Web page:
Beware of Bauxite Long-term
BY Sandy Lender
In the January 2018 issue, Courtney Jones and Mike Heitzman from the National Center for Asphalt Technology (NCAT) at Auburn, shared “Michigan Tests Friction Aggregates” from their contribution to the fall 2017 NCAT Newsletter. This excellent article can be reviewed on www.TheAsphaltPro.com. The authors shared results of evaluating 11 aggregates for high friction surface treatments (HFST).
One of the top contenders for High Friction Aggregate of the Planet, if such an award were in existence, is calcined bauxite. The authors explained, “Calcined bauxite is the only aggregate that currently meets the friction performance requirements for HFSTs per AASHTO specifications PP 79-14 Standard Practice for High Friction Surface Treatment for Asphalt and Concrete Pavements.”
But calcined bauxite has some problematic characteristics.
First, it can be considered pricy. The authors explained, “Since calcined bauxite must be imported from overseas, it is costly.”
Second, it tends to wear out its welcome. Dr. R. Buzz Powell, assistant director and test track manager at NCAT, shared, “Epoxy surfaces with bauxite eventually give a friction issue.” Let’s look at a study discussed in Florida for support of bauxite’s tendency to lose its friction properties over time under traffic.
At both the Southeast User Producer Group meeting and the Asphalt Contractors Association of Florida meeting in November, members of NCAT discussed results of the 2015 Test Track sections. Their comments included a discussion of the enhanced friction asphalt surfaces, which showed bauxite epoxy outperformed granite epoxy, chert epoxy, granite microsurfacing, lightweight chipseal and others, as the AASHTO spec contends. But this performance only lasts to a certain point.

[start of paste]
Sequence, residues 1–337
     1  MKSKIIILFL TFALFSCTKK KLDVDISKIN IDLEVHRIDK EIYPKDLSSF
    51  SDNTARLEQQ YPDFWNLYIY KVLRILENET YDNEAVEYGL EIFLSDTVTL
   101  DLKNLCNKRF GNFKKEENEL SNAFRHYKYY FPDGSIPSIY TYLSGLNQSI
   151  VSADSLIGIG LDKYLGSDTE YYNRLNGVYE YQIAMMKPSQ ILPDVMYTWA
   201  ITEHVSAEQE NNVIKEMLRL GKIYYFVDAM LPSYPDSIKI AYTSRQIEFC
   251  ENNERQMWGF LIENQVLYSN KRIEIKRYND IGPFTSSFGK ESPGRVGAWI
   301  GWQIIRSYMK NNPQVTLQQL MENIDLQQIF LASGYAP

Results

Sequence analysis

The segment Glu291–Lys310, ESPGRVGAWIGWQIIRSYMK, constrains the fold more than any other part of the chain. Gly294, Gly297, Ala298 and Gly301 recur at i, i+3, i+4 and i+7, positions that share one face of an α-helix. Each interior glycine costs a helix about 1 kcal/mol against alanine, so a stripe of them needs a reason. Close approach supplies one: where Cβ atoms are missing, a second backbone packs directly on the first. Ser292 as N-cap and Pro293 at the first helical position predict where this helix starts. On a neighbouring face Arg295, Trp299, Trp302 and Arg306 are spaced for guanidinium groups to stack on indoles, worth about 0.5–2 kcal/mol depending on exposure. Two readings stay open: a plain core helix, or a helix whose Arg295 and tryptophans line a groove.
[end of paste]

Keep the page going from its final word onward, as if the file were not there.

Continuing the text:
When researchers tested these enhanced friction surface types under wet surface conditions with full size ribbed tire, they saw a substantial, dramatic drop in efficacy for the bauxite epoxy after 30,000,000 equivalent single axle loadings (ESALs). Powell cautioned the audience members, “Bauxite wears and you’re driving on a glass-like surface. You have to stay on top of that with your maintenance program.”
What his comments offer is not gloom and doom, but common sense solution for agencies adopting the use of the bauxite for bumping up friction on critical safety locations. The agency that seeks to get high performance out of an enhanced friction asphalt thinlay with AASHTO’s spec PP 79-14 need only measure friction properties of the pavement section after 10 million, 20 million and/or 25 million axle loads to keep an eye on friction properties.
When aggregate polishing begins, it’s time for a maintenance—or new thinlay—treatment to restore friction properties before slick conditions set in.